A new highly efficient, ultra-low-cost 3MW alkaline electrolyser that could significantly reduce the cost of green hydrogen production has begun commercial operation for the first time.

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The HydroGen electrolyser, designed by Danish innovation company Stiesdal A/S — led by wind-power pioneer Henrik Stiesdal — has been successfully installed and commissioned at a biogas plant in the town of Glansager, southern Denmark (see panel below for project details).

Not only is it one of the cheaper alkaline electrolysers on the market — Stiesdal A/S maintains its long-term aim of €200/kW when it reaches genuine mass production, around half to a quarter the price of more mainstream technology — it is also one of the most efficient, able to produce 1kg of H2 from only 46-49kWh of electricity (50kWh/kgH2 is generally considered to be a highly efficient system).

The HydroGen electrolyser was designed from scratch to be as low cost as possible.

Innovations include operating at fairly low current density to maximise efficiency, and reducing the flow of electrolyte through to reduce so-called shunt currents that waste electricity, thus improving.

At a more general level, the target is a modular, easy-to-install overall system in which all components are built by experienced third-party manufacturers, thus removing the need to build costly gigawatt-scale manufacturing and develop in-house expertise in multiple areas from scratch.

“Our approach is that we don’t have a big desire to have manufacturing facilities ourselves,” Henrik Stiesdal tells Hydrogen Insight, suggesting that this will reduce manufacturing costs. “We will do assembly of some of the units, but we trust that there are other players who are actually better at doing the mass production than we are.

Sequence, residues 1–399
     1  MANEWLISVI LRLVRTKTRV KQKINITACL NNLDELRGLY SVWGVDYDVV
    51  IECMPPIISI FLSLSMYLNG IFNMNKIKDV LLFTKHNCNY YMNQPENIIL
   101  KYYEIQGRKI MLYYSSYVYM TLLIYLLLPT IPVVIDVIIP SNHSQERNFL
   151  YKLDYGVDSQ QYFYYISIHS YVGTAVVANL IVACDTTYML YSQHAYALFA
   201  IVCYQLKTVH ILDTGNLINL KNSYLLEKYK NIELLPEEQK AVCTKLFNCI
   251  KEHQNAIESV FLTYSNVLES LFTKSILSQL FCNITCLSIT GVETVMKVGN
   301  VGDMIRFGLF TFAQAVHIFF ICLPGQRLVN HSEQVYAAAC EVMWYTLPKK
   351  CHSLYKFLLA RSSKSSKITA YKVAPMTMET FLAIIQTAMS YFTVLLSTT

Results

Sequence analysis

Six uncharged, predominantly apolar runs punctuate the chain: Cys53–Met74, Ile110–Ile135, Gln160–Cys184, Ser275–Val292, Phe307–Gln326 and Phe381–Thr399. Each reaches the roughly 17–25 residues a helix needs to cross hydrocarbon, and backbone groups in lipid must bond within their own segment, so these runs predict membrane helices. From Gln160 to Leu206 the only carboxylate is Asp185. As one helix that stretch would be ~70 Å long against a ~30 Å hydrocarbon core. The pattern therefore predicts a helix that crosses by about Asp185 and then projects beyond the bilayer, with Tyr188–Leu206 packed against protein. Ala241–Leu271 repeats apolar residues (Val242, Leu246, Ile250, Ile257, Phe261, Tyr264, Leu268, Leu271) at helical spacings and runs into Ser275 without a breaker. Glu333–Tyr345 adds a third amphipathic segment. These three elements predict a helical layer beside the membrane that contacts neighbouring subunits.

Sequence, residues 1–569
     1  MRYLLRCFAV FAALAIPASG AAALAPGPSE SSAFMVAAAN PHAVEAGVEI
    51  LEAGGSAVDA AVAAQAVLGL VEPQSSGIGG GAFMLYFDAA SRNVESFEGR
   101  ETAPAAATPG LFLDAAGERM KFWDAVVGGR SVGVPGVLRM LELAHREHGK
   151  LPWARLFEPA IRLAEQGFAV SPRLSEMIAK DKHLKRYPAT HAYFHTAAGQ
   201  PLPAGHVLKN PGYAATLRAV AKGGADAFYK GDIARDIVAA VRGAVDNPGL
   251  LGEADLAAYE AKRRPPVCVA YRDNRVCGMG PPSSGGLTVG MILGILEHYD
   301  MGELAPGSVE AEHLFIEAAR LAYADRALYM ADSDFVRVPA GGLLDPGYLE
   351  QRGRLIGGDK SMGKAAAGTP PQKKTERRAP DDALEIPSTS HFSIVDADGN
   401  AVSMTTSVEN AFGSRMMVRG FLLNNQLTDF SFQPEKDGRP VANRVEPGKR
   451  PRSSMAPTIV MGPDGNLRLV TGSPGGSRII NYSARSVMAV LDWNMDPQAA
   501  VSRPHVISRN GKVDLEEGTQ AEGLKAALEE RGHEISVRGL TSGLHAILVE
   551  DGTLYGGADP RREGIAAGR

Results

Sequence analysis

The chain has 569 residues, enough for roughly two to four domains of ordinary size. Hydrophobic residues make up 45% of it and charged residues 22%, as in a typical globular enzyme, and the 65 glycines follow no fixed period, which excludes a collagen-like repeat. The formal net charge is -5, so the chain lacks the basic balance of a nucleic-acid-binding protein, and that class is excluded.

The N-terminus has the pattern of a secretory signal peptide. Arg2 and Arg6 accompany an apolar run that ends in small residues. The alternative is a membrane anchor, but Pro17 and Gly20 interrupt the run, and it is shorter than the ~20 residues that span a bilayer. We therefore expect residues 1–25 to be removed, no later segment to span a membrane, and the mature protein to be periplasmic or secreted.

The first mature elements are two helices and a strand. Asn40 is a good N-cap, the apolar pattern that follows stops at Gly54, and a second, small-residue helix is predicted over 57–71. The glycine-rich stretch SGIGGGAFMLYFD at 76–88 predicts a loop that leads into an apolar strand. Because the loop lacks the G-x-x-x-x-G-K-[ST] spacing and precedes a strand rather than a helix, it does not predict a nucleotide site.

“When we started doing wind turbines 45 years ago, we bought gearboxes from the leading players, we bought steel shafts from the leading shaft manufacturers, we bought roller bearings from the big players and so on. We did not go out and say, ‘oh, we need roller bearings, then we need to learn how to make roller bearings’ — that would have been crazy — and we are basically doing the same thing here.”

The “trick”, he said, was to select suppliers that are constantly making similar equipment at large-scale, that already have all huge amounts of manufacturing capacity.

For instance, Danish manufacturing giant Danfoss, will produce stacks according to Stiesdal’s specifications — and actually played a major role in designing the electrodes, gaskets and other components. And KK Wind Solutions, the largest supplier of power supply equipment to the wind industry, produce “gigawatts and gigawatts” worth every year.

Another innovation of the Stiesdal electrolysis system is that the electrolyser stacks will be placed inside pressure vessels immersed in pressurised nitrogen.

Henrik explains: “The electrolyser is surrounded by nitrogen gas at the same pressure as the stack itself. There are many benefits from that. The gaskets that we use don’t need to seal against the high pressure on the inside and a low atmospheric pressure on the outside. They only need to seal between the pressure on the inside and the same pressure on the outside, which means that sealing is very easy.

“And we actually maintain a slightly higher pressure on the outside, so if there ever is a leakage, you don’t have gas coming out, you have an inert gas, nitrogen, coming in.